Being the me who doesn’t suck

“Man, I’m just being me.”

If you’ve participated in sports on any level you’ve likely heard that phrase.

Typically it’s from the guy who just bricked a fade-a-way 3-point shot while being double teamed or from the kid who completely missed the bunt signal and popped out to end the inning.

Typically it’s being used an excuse for some selfish behavior that’s ticked off several other people and often, if continued, leads to many a evening of not getting invited to the after-party at Chili’s.

It’s not just in the sports world either. Surely you’ve heard plenty of your friends, co-workers, and family members say, “Ah, that’s just who I am,” to justify some bad habit.

Heck, maybe you’ve even done it yourself. Lord knows I have.

“Yes, I ate an entire box of Cinnamon Toast Crunch this afternoon, but I mean, that’s just who I am.”

Don’t get me wrong, in general being yourself is a good thing and I can’t tell you how many times I’ve encouraged people to just be themselves.

But maybe “be yourself” is not an accurate projection of what I’m really advising my friends to do. Maybe instead of telling folks to “be yourself,” I should be telling them to, “be honest, genuine, and transparent.”

I mean that’s what I really mean when I say “be yourself” and that’s what I am really aiming for when I strive to “be myself.”

I’ll be honest, some days it probably isn’t a real good idea for me to just “be me” because some days, I just flat out suck.

Some days I’m rude. Some days I’m selfish. Some days Most days I’m lazy.

Those are days when “me being me” isn’t very productive for me or anyone else and if I’m being honest, genuine, and transparent, I should be able to admit that’s me and hopefully make efforts to change.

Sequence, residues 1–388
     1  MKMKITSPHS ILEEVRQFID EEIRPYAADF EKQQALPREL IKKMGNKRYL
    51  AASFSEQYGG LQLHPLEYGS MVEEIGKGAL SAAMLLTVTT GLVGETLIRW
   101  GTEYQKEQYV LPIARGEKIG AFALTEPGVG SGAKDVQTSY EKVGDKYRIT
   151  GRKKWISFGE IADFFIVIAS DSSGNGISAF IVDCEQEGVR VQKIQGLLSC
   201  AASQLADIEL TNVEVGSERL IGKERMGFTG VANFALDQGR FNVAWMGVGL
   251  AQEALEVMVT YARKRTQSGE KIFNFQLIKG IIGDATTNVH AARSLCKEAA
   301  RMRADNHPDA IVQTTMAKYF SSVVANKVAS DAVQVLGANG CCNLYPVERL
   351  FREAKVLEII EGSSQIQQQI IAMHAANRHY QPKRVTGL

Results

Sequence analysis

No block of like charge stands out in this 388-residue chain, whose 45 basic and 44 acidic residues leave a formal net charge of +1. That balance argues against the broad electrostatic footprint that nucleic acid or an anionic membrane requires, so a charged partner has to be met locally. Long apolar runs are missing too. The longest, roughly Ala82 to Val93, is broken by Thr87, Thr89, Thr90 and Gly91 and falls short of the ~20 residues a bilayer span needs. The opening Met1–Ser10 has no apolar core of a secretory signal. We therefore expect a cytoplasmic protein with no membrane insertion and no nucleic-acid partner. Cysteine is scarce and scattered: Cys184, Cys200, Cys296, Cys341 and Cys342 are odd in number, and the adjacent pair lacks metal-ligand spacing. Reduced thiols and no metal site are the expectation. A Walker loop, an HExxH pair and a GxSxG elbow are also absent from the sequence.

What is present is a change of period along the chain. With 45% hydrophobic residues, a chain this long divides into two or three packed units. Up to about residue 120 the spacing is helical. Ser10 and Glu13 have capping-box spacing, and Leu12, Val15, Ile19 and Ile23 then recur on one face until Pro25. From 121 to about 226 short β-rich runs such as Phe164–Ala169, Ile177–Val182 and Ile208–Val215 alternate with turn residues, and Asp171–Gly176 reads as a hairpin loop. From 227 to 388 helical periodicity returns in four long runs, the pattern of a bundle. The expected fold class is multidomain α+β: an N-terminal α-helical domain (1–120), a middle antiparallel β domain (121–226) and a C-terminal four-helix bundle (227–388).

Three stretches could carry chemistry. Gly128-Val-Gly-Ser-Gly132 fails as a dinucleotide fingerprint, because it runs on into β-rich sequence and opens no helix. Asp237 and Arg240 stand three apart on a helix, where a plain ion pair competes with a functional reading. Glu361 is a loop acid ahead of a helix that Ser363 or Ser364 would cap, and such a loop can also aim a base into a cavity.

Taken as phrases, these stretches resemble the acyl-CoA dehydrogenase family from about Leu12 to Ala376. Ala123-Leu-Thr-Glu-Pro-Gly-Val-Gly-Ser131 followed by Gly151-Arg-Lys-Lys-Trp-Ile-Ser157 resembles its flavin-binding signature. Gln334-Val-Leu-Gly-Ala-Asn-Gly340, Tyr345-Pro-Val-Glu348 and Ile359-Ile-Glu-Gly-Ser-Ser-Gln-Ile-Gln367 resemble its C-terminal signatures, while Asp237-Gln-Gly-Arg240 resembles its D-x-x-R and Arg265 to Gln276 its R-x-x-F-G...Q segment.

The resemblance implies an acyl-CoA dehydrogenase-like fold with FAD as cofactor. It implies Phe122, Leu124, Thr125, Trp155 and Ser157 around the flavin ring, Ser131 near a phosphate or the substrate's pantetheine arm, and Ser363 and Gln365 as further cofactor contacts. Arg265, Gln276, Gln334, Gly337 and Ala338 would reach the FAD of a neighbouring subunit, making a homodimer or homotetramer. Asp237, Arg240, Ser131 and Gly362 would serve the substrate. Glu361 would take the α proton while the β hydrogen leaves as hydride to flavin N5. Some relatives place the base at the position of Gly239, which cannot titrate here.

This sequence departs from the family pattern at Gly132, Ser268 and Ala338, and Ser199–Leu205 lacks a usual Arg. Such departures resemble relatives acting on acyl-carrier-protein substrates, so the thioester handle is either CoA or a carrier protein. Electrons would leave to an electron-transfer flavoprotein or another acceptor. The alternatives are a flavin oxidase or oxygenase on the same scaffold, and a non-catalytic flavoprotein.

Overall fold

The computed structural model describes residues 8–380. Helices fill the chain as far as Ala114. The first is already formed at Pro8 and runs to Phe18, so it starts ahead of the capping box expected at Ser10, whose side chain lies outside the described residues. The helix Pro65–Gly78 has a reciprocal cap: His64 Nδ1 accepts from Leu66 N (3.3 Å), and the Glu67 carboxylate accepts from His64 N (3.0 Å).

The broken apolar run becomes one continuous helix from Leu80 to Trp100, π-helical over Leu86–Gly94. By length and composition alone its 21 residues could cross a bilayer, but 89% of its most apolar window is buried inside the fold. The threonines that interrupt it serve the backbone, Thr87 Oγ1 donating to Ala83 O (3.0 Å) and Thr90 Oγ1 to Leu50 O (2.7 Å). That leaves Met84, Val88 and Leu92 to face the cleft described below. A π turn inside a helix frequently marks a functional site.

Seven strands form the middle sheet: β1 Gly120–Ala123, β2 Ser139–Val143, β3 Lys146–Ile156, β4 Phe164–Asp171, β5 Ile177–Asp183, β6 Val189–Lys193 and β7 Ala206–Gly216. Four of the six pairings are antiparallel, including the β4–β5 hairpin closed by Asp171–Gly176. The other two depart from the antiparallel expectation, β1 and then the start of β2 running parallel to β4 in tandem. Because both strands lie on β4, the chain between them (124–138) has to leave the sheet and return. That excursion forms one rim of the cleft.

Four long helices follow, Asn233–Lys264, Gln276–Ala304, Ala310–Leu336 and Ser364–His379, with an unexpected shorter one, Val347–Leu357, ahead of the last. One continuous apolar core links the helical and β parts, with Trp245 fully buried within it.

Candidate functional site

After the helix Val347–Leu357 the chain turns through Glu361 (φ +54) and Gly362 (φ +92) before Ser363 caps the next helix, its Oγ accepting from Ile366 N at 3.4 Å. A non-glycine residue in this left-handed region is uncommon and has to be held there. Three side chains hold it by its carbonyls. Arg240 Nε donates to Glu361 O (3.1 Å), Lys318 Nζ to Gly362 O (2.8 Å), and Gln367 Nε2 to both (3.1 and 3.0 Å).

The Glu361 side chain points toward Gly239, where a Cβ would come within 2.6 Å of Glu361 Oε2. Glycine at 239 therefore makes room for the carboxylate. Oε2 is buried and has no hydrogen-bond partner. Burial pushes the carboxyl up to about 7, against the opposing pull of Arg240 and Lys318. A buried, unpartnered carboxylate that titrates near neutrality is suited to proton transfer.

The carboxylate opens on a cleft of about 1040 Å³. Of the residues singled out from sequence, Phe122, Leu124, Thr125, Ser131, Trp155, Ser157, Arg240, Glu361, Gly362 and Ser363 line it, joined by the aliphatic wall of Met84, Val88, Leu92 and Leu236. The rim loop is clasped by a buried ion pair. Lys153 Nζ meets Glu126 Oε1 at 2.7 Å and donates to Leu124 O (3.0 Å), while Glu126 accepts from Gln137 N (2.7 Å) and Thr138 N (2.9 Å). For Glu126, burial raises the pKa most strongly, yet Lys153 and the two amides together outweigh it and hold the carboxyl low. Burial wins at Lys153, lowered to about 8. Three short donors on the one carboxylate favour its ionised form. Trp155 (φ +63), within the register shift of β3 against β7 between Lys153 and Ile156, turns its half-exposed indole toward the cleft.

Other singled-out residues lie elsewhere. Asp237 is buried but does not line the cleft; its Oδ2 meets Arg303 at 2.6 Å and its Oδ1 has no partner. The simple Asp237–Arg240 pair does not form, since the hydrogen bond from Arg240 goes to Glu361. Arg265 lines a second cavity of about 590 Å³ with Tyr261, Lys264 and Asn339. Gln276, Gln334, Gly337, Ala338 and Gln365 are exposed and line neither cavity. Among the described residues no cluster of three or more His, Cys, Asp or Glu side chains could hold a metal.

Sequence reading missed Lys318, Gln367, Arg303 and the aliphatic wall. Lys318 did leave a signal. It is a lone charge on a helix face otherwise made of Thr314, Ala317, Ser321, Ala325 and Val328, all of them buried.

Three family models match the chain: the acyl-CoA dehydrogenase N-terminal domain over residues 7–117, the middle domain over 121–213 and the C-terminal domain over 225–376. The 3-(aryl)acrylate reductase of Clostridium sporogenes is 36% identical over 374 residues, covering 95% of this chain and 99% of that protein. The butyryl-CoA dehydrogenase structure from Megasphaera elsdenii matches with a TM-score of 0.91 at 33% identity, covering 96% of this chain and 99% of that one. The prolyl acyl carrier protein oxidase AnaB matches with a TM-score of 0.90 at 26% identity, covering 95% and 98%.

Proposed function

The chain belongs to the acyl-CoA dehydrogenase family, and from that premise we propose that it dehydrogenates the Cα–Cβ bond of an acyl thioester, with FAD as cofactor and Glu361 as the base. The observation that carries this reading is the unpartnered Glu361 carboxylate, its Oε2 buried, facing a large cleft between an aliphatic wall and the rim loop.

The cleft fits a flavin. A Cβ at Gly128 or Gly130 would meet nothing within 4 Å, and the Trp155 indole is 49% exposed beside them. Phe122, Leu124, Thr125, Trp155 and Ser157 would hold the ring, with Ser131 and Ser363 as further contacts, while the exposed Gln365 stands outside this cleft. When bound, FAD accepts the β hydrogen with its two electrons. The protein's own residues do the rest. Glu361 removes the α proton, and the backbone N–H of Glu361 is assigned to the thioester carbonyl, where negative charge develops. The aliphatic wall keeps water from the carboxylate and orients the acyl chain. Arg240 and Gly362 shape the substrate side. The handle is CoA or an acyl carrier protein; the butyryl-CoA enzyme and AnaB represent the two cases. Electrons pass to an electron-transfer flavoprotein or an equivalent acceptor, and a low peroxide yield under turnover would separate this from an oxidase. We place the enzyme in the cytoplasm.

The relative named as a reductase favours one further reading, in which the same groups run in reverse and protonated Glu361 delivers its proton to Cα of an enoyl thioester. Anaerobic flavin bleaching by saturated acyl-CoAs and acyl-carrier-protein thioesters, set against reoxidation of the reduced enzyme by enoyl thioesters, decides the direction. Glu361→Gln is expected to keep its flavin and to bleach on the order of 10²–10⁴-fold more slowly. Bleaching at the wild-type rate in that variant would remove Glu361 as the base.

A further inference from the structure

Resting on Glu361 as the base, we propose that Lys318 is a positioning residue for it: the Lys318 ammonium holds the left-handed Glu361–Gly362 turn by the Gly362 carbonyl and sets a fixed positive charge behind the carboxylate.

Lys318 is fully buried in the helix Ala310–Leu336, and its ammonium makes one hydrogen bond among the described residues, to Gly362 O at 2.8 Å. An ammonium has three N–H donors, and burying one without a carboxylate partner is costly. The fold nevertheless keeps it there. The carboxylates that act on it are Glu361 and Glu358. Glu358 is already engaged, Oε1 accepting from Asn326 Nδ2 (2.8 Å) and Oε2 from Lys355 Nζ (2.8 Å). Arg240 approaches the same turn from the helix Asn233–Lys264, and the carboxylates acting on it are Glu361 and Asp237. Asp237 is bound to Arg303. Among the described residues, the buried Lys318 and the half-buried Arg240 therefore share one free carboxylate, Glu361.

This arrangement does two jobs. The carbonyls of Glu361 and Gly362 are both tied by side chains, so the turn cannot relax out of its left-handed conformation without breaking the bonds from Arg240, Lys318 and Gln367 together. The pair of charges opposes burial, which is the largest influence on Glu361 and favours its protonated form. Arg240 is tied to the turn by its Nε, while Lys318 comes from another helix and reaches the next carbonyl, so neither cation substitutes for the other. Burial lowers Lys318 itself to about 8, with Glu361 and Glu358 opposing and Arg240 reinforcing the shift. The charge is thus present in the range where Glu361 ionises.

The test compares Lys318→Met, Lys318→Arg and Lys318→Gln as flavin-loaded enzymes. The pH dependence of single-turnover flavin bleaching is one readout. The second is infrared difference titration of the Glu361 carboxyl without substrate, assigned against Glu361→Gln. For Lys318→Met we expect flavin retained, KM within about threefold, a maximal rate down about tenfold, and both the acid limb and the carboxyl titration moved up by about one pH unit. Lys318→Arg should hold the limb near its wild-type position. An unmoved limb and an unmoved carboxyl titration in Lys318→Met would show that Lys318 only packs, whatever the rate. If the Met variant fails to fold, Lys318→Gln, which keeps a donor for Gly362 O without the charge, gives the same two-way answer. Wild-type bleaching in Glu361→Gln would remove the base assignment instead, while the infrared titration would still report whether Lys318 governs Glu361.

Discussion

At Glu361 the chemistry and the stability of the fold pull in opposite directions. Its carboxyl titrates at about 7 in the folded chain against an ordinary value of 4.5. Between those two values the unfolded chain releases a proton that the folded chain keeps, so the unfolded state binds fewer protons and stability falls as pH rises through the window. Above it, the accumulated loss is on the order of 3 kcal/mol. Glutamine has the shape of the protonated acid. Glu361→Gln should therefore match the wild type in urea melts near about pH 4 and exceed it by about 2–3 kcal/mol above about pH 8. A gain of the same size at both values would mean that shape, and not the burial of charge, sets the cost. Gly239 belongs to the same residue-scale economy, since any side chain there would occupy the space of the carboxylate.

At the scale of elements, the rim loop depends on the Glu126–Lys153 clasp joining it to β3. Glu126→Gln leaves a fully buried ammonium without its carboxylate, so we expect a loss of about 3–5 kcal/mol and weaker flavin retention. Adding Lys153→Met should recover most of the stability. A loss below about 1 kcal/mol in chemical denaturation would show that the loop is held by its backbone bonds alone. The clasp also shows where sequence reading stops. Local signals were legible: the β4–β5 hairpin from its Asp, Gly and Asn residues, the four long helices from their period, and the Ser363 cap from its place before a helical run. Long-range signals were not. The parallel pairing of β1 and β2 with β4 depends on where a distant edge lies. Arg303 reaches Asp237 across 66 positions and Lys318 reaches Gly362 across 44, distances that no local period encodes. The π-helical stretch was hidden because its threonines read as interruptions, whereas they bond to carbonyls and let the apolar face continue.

It’s interesting that of all the things Jesus told folks to do, he never advised them to just be themselves.

Instead, he was all about encouraging them to be better than themselves. Not someone entirely different. Not someone with completely different passions or desires. Just an upgraded version of the person God made them.

So maybe instead “being ourselves” and using that to write off some bad and/or annoying habits, we should strive to be the better us.

Maybe instead of “me being me,” it should be, “me being the me who doesn’t suck. Me being me 2.0.”

Everyone likes an upgrade, right?

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About travman44

I work as a reporter for a newspaper in southwest Virginia. I play as a writer specializing in deep thoughts on shallow, and occasionally not so shallow, subjects. I'm also a former history teacher, bible college alum, and lover of the NBA and kids' breakfast cereals. It's a delicate blend. -- @TravisKWilliams on Twitter
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